How One Man Fooled the Government into Approving a Controversial Facility in Port Aransas

Using a fake name, a former convicted felon presented his business as a way to protect the environment.

By Alexandra HartJanuary 6, 2017 1:08 pm,

In 2014, a man calling himself Mike Edwards proposed a project to the U.S. Army Corps of Engineers and the Texas General Land Office. He wanted to build a barge mooring facility in an ecologically sensitive part of the Texas coast near Port Aransas. The Army Corps gave it a quick green light.

But it turns out Mike Edwards wasn’t who he said he was. His real name: Everett Michael Skipper, a convicted felon who had been rounded up in a bribery sting. Neither the Army Corps nor the General Land Office did a background check on Skipper, seemingly fast-tracking the permitting process for his proposed facility.

Skipper also seems to have misrepresented what his facility would do and who it would serve, presenting it as a temporary mooring place, despite its website boasting a full-fleet operation.

Locals are now suing the Army Corps of Engineers for granting Skipper the permit.

Naveena Sadasivam, who investigated the story for the Texas Observer, says the rationale Skipper presented is an important part of the story.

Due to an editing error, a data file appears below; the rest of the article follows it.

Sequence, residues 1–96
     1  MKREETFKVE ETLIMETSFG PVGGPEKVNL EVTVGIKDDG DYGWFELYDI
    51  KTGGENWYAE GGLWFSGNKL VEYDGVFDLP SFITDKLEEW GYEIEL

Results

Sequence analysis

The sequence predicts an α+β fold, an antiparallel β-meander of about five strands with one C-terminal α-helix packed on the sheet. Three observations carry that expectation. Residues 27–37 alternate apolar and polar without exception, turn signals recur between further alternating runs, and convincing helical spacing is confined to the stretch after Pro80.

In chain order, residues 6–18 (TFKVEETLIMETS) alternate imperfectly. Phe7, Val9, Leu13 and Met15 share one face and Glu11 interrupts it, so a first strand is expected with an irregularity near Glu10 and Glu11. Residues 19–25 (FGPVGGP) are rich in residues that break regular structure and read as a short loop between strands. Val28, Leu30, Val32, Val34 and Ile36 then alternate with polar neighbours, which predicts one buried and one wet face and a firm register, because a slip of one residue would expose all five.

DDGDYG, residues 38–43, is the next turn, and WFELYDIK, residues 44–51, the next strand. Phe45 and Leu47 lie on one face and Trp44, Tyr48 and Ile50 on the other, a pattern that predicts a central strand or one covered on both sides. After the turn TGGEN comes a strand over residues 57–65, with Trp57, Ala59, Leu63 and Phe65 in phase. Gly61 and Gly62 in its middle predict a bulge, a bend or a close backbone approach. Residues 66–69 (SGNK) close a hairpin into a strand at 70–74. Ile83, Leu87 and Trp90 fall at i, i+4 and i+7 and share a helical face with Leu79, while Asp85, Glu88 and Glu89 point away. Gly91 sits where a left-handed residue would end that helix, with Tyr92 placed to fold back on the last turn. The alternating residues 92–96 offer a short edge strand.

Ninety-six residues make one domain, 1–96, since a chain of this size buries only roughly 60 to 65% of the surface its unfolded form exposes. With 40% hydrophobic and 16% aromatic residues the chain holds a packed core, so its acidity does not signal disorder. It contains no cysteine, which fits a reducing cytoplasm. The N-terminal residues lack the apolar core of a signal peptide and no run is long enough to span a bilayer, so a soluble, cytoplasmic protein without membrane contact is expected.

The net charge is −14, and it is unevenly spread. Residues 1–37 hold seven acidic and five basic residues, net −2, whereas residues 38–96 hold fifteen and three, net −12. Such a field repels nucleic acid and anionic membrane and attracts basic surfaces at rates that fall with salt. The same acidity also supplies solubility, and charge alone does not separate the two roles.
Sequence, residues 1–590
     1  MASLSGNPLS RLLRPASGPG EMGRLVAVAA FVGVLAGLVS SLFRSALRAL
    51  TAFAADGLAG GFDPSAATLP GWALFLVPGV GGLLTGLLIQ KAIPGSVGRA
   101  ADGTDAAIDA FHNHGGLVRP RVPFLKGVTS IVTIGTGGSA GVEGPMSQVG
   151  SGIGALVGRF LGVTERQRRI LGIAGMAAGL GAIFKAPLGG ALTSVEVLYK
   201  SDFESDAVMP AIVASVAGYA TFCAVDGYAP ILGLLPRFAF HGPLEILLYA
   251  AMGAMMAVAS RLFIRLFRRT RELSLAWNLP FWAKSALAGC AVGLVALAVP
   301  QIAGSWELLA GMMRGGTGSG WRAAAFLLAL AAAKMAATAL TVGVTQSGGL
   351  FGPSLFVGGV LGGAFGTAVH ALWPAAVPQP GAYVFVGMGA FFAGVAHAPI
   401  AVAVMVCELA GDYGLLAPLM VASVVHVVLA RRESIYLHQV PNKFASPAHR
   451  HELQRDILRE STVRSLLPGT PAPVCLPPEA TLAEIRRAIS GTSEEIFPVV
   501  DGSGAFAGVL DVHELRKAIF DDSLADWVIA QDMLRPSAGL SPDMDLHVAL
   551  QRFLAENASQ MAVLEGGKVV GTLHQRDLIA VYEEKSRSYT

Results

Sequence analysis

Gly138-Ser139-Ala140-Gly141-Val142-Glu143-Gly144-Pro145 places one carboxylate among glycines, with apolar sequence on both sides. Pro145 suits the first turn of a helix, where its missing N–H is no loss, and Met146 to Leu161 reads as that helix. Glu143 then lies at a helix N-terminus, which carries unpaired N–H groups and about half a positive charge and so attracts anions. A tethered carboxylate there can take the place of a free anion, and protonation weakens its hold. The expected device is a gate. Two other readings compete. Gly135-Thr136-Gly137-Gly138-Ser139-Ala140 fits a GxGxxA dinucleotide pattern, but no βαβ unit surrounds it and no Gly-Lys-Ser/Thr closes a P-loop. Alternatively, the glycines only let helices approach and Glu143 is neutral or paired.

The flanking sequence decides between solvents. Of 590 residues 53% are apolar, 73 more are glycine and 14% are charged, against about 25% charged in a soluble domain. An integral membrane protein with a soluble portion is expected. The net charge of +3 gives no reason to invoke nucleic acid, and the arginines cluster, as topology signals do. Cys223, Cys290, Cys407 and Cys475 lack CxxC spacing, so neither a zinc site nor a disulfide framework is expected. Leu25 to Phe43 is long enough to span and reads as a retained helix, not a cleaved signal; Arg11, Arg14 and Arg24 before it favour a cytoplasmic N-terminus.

“He says that the Port of Corpus Christi has been experiencing a lot of barge traffic so a lot of barges are not able to get into the port,” she says. “They’re backed up waiting, often waiting in this little channel Lydia Ann just off the coast of Port Aransas. His rationale is that instead of having these barges nosing up into the shoreline of the channel and damaging the shoreline, we’ll construct a facility where these barges can tie up. It’ll be in deeper water so it’ll protect the shoreline.”

Skipper and his two other partners presented the company as a way to protect the environment, noting that they did not require a lengthy environmental review process or a public comment period.

“The Army Corps seemed to agree with them,” Sadasivam says. “What they were not told was that the company planned to sell fuel to some of the barges at this facility. On their website, they advertise that they can pick up people from the airport and drive them to these barges and do grocery runs if they need to.”

Locals, many who came to the area to fish and duck hunt, were surprised the see the construction in 2015.

“Part of the reason why they’re quite upset is that they had no warning that this was going to happen,” Sadasivam says.

The locals who filed suit are blaming the Army Corps. The Army Corps is blaming Skipper’s company, Lydia Ann Channel Moorings, saying they were misled. Lydia Ann Channel Moorings says they shouldn’t be faulted for the Army Corps’ oversight.

The case is now before a federal judge. The company’s permit has been revoked, but they are still in operation.

“The federal judge is now deciding to issue an injunction and ask the company to stop operating while the case is decided,” Sadasivam says.

Post by Beth Cortez-Neavel.